Another sign that heat is approaching is increased urination. High hormones and pheromones are found in her urine, which may cause her to start marking more frequently.
This is her way to let nearby males know she is soon becoming fertile. Males easily spot these markings, so expect to see more male dogs around your home.
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Personality and Temperament changes.
Changes in hormone levels may also cause temporary personality changes. You may notice a change in your dog’s personality if she is more independent or less affectionate than usual.
Many dogs exhibit nesting behavior and prepare a space for their puppies. Some people even have a stronger attachment to toys and stuffed animals, caring for them like puppies. This happens after ovulation, during the diestrus phase.
How long does a Great Dane heat last?
The proestrus lasts about 10 days, and the estrus period can last anywhere from 5-9 days. The diestrus phase generally lasts 6-10 weeks. The phases can overlap. Proestrus symptoms may still be present in your dog during ovulation. Keep your dog away from un-neutered males for 21 days before you start the cycle.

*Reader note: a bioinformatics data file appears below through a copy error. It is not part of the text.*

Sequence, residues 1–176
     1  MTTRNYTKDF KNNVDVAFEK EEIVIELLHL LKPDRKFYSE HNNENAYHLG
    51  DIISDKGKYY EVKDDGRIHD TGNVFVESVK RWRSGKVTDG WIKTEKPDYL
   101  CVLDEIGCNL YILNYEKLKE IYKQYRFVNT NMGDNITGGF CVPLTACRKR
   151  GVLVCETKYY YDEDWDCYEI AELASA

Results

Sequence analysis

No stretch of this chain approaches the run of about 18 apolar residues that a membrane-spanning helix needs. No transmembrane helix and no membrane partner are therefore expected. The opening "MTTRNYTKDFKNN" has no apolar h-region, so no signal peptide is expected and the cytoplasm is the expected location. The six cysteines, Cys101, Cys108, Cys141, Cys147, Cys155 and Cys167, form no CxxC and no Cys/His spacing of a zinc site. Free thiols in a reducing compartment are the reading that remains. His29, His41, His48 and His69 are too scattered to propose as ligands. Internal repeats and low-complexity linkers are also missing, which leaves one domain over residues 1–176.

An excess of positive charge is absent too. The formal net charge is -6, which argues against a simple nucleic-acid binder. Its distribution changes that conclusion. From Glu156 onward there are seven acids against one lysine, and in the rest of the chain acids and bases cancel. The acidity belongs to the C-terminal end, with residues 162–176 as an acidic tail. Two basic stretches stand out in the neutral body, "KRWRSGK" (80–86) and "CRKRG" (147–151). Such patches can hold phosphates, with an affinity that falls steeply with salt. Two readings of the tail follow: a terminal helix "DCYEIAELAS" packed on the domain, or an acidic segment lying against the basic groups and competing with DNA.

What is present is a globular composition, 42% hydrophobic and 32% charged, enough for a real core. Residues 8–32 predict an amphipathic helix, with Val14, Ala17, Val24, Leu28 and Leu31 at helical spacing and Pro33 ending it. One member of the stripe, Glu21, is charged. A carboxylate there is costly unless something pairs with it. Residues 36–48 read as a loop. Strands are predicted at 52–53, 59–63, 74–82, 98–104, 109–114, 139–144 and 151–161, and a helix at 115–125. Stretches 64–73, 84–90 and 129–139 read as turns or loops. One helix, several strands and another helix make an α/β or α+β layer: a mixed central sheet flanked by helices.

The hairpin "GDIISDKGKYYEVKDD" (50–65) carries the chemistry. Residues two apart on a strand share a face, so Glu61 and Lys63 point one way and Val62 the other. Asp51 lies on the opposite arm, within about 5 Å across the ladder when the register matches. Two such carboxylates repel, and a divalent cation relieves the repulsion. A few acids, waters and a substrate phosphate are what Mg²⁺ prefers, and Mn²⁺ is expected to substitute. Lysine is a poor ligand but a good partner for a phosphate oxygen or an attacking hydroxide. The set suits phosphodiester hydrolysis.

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How to Care for a Great Dane in Heat?
Knowing how to take care of your Great Dane during her heat cycle is important.
Here are some of the options:
Give her extra rest throughout her cycle.
Make your dog feel at ease by keeping the environment quiet and free from stressors.
Do not allow her to get into carpeted or furniture areas during the bleeding phase.
Give her plenty of water to keep her hydrated and get energy from her food.
If you have any symptoms of illness, consult your veterinarian. After their cycles, the thickened uterus of female Great Danes can lead to a bacterial infection.
This is also called pyometra and can be life-threatening.
Have her spayed after her heat cycle. This is the next step if you don’t intend to breed your dog.
Great Danes in heat, completely relevant to a female matures sexually and goes through a period where they are ready to mate. This is often known as being in heat. You will begin to notice behavioral and physical changes in this stage, indicating you are in a heat cycle.
These signs are important for Great Dane owners. They will be better prepared to care for their dogs and prevent breeding. Talk to your vet about how to spay a Great Dane female dog and when you should do it.